March 16, July 16, November 15
Chapter 37: On the Old and Children
Although human nature itself is drawn to special kindness
towards these times of life,
that is towards the old and children,
still the authority of the Rule should also provide for them.
Let their weakness be always taken into account,
and let them by no means be held to the rigor of the Rule
with regard to food.
On the contrary,
let a kind consideration be shown to them,
and let them eat before the regular hours.
Many modern minds would find monasticism itself, including our Holy
Rule to be a harsh and inflexible thing. Sadly, many cranky,
curmudgeonly monastics who have missed the mark make those same
assumptions at times! We are not at all the heartless discipline of a
sort imagined by many.
This chapter, on the old and children, as well as in many other
places, such as the references to those who require more material
things and the care of the sick are highlights of Benedictinism's
faceted gem: personalism. St. Benedict sees persons as they are,
where they are. He meets them at many different points on the road to
monastic life, even within the monastery itself. He urges us to do
the same. He also calls all whom he meets at all of those
points "beginners", lest any of us become proud or think ourselves
better than the weak lamb he goes after.
The Holy Rule bends and twists and stoops to make many allowances for
many different sorts of weakness. In doing so, it clearly shows the
loving father's heart of the man who wrote its Prologue in such
The tenderness of St. Benedict shines through here. These are strong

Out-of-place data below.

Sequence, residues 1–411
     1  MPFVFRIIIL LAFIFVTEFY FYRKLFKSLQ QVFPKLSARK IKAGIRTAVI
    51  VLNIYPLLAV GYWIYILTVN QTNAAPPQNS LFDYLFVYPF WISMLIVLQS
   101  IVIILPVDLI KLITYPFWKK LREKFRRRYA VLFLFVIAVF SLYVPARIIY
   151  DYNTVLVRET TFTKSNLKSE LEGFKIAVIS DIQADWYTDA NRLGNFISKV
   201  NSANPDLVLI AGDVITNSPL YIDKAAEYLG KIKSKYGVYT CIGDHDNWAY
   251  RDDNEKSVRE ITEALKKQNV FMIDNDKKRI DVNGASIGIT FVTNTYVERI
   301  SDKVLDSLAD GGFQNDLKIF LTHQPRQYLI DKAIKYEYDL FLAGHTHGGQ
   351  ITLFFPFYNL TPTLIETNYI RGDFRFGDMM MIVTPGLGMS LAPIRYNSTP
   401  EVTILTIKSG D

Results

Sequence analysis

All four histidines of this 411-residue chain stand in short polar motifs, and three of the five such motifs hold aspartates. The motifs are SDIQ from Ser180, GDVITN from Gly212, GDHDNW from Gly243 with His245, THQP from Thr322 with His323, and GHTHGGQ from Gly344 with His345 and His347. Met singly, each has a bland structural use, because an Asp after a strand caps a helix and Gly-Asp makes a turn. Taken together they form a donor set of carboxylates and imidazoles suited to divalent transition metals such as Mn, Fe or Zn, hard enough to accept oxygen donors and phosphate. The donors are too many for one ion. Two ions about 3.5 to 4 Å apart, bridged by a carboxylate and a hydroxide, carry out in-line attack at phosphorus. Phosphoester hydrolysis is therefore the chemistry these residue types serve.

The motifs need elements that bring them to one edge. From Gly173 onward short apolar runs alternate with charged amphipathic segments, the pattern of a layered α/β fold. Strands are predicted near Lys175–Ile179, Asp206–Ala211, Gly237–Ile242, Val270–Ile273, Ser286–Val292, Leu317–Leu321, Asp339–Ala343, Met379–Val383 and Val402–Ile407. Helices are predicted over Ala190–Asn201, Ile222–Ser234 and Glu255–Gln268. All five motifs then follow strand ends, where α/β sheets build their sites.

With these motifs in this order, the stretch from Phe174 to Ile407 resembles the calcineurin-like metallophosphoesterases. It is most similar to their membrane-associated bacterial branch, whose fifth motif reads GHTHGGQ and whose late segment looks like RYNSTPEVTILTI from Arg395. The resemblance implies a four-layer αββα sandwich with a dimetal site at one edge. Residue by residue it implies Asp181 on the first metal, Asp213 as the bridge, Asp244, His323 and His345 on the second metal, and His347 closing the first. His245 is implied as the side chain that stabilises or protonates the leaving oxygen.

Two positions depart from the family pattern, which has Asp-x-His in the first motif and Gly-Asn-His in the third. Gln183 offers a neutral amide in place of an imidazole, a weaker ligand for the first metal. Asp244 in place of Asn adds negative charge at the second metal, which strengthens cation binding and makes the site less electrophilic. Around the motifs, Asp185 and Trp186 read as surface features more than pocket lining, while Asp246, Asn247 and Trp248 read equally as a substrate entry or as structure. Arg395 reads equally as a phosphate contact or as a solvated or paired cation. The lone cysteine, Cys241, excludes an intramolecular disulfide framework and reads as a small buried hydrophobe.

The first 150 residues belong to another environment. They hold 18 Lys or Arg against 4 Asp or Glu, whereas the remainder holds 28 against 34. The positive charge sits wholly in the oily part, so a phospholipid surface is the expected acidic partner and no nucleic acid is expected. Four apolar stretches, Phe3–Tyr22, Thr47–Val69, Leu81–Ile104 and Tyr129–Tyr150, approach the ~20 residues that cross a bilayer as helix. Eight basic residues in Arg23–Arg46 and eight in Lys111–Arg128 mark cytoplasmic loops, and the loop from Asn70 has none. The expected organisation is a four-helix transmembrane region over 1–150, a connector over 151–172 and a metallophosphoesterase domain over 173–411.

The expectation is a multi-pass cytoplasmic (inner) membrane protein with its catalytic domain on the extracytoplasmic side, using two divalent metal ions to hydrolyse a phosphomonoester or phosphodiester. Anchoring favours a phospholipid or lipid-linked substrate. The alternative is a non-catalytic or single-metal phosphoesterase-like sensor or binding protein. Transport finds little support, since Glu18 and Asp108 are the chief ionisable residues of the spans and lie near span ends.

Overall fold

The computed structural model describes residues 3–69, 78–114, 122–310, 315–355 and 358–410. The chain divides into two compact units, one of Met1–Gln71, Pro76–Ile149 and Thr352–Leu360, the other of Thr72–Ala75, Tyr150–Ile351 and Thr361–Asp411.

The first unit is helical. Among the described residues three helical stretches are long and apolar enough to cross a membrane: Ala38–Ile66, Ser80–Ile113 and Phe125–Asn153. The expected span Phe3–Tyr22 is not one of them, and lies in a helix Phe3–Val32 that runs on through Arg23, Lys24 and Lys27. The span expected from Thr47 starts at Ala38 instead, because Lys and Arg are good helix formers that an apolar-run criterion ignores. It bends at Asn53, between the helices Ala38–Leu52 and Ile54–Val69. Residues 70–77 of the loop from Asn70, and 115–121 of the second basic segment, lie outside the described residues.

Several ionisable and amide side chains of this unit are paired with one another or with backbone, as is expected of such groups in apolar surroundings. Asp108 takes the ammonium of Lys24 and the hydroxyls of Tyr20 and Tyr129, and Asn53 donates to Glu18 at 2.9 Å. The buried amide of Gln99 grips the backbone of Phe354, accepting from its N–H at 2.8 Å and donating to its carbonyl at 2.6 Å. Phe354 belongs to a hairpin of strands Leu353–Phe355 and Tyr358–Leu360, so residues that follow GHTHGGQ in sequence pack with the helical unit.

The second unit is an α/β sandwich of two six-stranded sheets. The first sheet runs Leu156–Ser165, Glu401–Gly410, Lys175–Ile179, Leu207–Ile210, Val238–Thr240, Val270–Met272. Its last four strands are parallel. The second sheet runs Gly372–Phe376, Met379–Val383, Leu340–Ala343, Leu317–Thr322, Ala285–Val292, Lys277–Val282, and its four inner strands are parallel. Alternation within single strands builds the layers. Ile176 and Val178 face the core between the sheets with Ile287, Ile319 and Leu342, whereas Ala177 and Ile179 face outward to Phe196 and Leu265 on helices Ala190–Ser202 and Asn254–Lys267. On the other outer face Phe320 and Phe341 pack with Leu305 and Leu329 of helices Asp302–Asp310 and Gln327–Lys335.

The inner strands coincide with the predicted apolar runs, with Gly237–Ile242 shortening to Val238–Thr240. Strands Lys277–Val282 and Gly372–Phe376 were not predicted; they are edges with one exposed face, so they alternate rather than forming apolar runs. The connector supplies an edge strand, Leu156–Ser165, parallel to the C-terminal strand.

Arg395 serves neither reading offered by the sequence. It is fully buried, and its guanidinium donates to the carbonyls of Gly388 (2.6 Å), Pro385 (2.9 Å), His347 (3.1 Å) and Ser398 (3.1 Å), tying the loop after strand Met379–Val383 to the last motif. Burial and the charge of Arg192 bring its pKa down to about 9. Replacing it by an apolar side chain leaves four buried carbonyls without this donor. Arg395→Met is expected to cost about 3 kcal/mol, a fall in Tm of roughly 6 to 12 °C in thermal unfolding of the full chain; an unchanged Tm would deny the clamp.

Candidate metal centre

words for weakness: "ALWAYS taken into account," and "BY NO MEANS
held to the rigor of the Rule for food." Though he prefaces his
chapter recalling that any healthy human nature has a certain level
of consideration for these age groups, our holy Father Benedict
quickly returns to a very consistent theme of the Holy Rule: we are
called to more than mere nature. We are called to enhance our nature
to the heights of sanctity. Our considerate mindfulness for every
person and their individual needs must be greater than that of the
St. Benedict's aim is that each of us ALWAYS see the person first.
That kind of loving mindfulness will make the chapters on the sick
and the young and old seem to be complete no-brainers. This is the
way we should be seeing everyone: real people for whom they really
are, nothing more or less. Circumstances do arise that require
greater attention, but the foundation of that is a firm theology of
It should come as no great shock that the most frequent obstacle to
viewing others correctly is ourselves. Our own image, our self, our
pain, our projections get in the way of the lens of truth. We have to
spend our monastic struggle learning to put those things aside, so
that the light of others may shine through unobstructed.
With our own needs at least on a back burner, or better yet, shelved
far off in the pantry, we can begin to truly see others and their
needs. Wipe the mud of self from our eyes and we can see the
treasures that surround us. Mother Teresa of Calcutta surely did
that. She saw beauty that all of us less holy than she missed big-
time and she saw it in everyone.
A key to all this is a favorite quote from Antoine de St.
Exupery's "Little Prince":
"The essential is invisible to the eyes. One can only see rightly
with the heart."
That's what our Holy Rule demands: the cultivation of the very loving
eyes of our hearts!
Love and prayers,